The team characterized all 13 IFN-alpha subtypes, especially IFNα2 proteins using highly sensitive assays, IFN function, interferon-stimulated genes (ISGs), and autoantibodies neutralizing IFN-I. The researchers also selected a patient subset and stimulated their whole blood samples with relevant viral antagonists to better assess the functionality of their immune system to external stimuli. Likewise, they obtained plasma samples from 342 and 212 for cytokine and autoantibody analysis, respectively. Further, they used plasma samples from a small subset of 31 patients for cellular phenotyping.
The authors observed multiple disturbances in the IFN-I response with increasing COVID-19 severity. Late stimulation with exogenous IFN-I did not benefit patients; moreover, it compromised any apparent clinical benefit of viral agonists. Notably, IFNβ secretion was more disturbed than IFNα, which was unanticipated given its low levels in patient plasma. This finding further indicated the challenges in accurately detecting and quantifying IFNβ in the blood.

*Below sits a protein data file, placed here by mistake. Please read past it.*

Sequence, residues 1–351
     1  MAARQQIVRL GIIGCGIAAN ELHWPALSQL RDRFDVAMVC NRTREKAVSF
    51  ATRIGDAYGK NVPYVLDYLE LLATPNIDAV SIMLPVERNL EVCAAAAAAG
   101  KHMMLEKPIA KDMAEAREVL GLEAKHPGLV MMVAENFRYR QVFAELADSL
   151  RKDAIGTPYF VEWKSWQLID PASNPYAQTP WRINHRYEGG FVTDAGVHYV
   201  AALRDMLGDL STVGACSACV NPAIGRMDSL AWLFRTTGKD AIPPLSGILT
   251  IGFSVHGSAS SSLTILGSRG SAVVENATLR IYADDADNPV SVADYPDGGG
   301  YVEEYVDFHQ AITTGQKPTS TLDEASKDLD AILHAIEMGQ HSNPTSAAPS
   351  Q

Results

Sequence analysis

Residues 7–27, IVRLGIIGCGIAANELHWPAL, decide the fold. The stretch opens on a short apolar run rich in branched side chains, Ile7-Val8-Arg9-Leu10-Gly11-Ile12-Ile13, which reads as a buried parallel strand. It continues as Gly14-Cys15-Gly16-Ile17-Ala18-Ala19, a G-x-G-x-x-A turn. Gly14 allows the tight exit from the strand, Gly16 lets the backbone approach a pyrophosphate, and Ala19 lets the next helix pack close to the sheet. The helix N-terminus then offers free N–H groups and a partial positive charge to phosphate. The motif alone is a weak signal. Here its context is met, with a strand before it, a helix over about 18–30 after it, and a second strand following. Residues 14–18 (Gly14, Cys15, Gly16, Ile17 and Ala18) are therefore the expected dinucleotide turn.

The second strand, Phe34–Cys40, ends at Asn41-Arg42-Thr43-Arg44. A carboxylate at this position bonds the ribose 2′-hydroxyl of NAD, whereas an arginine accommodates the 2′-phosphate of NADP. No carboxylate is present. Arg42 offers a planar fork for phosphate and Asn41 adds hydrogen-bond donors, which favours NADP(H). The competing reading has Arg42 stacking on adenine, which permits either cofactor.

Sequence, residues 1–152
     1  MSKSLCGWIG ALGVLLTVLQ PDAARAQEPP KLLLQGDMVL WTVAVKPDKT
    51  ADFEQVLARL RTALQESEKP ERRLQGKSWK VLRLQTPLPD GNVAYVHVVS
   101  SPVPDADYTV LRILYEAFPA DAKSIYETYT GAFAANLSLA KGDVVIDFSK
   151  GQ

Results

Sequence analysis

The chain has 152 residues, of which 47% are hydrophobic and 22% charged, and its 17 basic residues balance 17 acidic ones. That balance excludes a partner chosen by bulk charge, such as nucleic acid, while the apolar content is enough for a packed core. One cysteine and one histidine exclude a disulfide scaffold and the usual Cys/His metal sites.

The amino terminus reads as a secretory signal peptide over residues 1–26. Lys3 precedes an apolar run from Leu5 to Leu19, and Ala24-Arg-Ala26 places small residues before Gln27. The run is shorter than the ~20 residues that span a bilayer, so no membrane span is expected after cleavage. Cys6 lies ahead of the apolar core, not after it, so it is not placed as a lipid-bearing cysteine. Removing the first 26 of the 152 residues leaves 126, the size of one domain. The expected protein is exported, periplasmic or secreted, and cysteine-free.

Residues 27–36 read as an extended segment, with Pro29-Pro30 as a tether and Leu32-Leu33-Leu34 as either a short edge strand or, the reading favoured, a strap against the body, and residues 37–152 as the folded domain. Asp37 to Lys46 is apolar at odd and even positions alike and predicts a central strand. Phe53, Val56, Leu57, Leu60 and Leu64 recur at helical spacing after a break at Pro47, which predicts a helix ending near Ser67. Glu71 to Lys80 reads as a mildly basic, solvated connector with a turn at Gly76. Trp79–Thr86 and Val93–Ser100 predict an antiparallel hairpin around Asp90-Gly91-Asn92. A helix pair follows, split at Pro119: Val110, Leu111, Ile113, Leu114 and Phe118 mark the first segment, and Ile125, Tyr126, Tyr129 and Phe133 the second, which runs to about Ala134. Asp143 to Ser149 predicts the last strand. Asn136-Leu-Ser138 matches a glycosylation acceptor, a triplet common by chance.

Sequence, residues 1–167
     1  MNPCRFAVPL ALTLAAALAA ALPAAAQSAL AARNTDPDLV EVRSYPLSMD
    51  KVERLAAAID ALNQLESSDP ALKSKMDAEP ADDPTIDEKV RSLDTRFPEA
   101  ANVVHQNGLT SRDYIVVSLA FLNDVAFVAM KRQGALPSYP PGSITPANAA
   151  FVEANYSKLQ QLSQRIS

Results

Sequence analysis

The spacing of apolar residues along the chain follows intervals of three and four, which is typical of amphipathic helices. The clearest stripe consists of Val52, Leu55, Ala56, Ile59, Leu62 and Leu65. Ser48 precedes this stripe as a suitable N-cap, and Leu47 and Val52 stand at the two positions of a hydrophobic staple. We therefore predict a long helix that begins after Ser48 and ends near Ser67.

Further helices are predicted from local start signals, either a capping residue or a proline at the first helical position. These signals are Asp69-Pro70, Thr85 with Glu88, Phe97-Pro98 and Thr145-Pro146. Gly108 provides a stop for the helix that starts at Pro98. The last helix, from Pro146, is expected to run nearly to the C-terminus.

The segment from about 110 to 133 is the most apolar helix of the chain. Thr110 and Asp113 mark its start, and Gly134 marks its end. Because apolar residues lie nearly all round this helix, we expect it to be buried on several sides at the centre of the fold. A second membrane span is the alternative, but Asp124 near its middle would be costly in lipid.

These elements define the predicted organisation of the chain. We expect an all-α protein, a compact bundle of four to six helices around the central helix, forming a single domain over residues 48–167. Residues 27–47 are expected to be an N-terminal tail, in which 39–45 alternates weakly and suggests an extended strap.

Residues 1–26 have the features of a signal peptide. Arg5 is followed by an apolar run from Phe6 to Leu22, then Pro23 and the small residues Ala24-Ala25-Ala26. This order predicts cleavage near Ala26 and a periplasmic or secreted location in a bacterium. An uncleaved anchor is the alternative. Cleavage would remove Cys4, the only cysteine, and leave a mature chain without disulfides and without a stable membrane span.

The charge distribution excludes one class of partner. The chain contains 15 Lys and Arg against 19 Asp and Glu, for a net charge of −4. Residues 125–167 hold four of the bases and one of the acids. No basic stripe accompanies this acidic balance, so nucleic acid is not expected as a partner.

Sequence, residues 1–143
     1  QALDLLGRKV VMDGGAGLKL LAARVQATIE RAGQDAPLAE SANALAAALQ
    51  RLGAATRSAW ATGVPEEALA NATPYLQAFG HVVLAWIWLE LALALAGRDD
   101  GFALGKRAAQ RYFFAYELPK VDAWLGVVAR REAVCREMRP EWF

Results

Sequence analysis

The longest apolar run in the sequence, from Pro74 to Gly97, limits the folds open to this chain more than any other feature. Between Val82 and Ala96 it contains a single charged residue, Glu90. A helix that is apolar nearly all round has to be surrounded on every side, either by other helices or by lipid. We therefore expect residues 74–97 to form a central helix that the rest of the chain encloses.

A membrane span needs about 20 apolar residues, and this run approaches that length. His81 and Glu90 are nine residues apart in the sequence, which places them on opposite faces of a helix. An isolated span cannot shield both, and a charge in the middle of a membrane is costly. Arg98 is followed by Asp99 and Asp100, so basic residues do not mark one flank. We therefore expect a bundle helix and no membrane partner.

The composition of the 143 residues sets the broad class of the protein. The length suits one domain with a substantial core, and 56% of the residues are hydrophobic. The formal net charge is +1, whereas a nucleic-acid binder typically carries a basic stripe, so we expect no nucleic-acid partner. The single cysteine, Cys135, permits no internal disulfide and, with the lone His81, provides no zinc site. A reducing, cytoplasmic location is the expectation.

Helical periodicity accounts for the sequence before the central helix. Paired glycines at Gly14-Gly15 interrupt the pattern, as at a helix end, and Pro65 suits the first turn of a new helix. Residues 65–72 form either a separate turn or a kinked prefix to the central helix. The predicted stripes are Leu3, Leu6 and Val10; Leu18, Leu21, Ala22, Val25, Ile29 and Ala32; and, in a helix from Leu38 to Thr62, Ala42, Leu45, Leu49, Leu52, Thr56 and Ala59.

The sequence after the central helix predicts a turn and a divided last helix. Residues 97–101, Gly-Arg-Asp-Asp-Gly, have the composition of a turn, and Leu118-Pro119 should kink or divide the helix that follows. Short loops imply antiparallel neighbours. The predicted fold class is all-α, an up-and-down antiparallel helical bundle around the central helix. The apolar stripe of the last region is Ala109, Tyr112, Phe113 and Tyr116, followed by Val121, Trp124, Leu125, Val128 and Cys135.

Gyros assay identified four male patients as anti-IFNα autoantibody-positive in the hospitalized group, with two moderately, one severely, and one critically ill. Since the majority of patients remained negative for anti-IFN autoantibodies, this factor could not have driven severe disease in patients.
The authors also observed that stimulating the whole blood from hospitalized COVID-19 patients with ex vivo IFN-I induced a non-canonical inflammatory response. Further, TLR gene expression data from whole blood revealed similar TLR7 expression in all groups, lower TLR3 expression, and higher TLR4 and TLR8 expression in hospitalized patients. In addition, the authors found eight additional cytokines with significant differences in hospitalized patients, primarily after TLR3 stimulation.
The IFN-I response to stimulations, including polyinosinic: polycytidylic acid (Poly: IC), lipopolysaccharide (LPS), and R848 (a TLR7/8 agonist) was disturbed in critically ill patients. In fact, Poly: IC stimulation significantly reduced the IFNβ response in moderate and severe disease groups but reduced after R848- and LPS-stimulation in the hospitalized groups.